Undeterred and buoyed by the excitement of our time spent in the Monadhliaths, we now turned our attention to the Cairngorm massif, one of the most renowned and majestic of montane landscapes in the British Isles. A rather static looking cloud base had draped itself over the shoulders of Cairn Gorm (4,084 feet) on the day that we chose to walk to the top of Britain’s sixth highest mountain. However, we decided to trust the weather forecast and set off up the initially steep climb from the Ski Centre car park, hopeful that the sun was going to burn through the thin veil of cloud by the time we ventured nearer to the summit. And, as if by (Mull) magic, that’s exactly what did happen, with the last wisps of cloud dissipating in time for a lunch rendezvous that left us, quite literally, on top of the world!
Thousands upon thousands of people appear to want their little bit of the Cairngorms and arrive each year to walk, climb, ski...and birdwatch! This can put a whole lot of unwanted pressure on an already fragile environment, jam-packed with some of the most magnificent scenery in Scotland (outside of the Isle of Mull!) and of enormous importance for nature conservation.
Pink or red granite is the bed rock which has been shaped by monumental natural forces over hundreds of millions of years to form the present day Cairngorm mountains. The extreme climatic conditions that prevail on Cairn Gorm continue to shape the contours of this amazing landscape and influence the unique wildlife that resides there. Thin, poorly developed, acidic soils are common and, consequently, a highly specialised lower plant community of mosses and lichens exists in the Cairngorms. We found rather few plants in flower as we made our way up the mountain, but one that we did encounter was rather special. The Trailing Azalea is a mini-shrub that was festooned with a mass of beautiful pink flowers. Carpeting the gaps between the outcrops of granite boulders, it is well-adapted to the fierce winds and bitingly low temperatures that are often a feature of Cairn Gorm.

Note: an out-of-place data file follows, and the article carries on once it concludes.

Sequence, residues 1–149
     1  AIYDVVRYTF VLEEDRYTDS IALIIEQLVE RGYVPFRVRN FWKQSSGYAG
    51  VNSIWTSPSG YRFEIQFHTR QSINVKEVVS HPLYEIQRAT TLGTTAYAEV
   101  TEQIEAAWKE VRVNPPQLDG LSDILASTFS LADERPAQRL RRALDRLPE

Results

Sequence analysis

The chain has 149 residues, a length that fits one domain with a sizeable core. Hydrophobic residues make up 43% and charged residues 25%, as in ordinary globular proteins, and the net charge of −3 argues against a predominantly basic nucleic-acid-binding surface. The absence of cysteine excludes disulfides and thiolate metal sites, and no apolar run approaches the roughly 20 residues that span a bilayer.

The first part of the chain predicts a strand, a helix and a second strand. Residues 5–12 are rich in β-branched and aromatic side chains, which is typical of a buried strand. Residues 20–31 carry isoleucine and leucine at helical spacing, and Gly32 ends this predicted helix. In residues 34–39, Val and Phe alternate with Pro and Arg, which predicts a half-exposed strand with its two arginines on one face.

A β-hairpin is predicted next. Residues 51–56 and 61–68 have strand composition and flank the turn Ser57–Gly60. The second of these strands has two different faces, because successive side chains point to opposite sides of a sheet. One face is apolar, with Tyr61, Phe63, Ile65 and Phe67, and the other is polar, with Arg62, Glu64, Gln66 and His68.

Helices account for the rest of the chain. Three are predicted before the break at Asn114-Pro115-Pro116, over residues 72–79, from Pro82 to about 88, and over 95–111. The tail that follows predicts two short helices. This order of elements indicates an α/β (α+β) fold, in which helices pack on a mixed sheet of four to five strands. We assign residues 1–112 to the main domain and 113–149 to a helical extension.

Late lying snow is not unusual near the summit of Cairn Gorm in mid-June, although we must have cut rather incongruous figures as we trudged through the snow in our t-shirts. The temperature was in the mid-50’s Fahrenheit and with little or no wind to mention it felt positively balmy at 3,700 feet! As predicted by our friends at the Met Office, the cloud on the tops really was ephemeral in nature and, by the time we had the weather station and summit cairn in our sights, it was sunshine and blue skies all the way.
We call the Ptarmigan Mull’s mythical white grouse, as the island appears to have little more than a relic population of this peculiar bird of the high tops and, try as we have, we never ever see them! With a British population of around 10,000 pairs they are not uncommon, it’s just that their choice of montane habitat rather restricts the opportunities that most birdwatchers have of seeing them on a regular basis. We didn’t think that a walk up the tourist track to the top of Cairn Gorm offered us the best chance to get to grips with this fabled bird, yet how wrong we were to be proved!
Close to the summit and even closer to the path, we saw an unmistakable head and neck sticking up between the cold, grey lichen boulders. Excitement took over and trying to keep our binoculars steady proved difficult, as we revelled in these views of a hen bird, still in what looked like the grey and white plumage of Spring. For the next 20 minutes, if not more, we were treated to the most amazing close-up views of a pair of these magical birds. The delicate grey, black and white plumage could not have been better camouflaged, as the birds fed among the similarly coloured rocks, barely 20 metres ahead of us. All this and we hadn’t even had our lunch yet!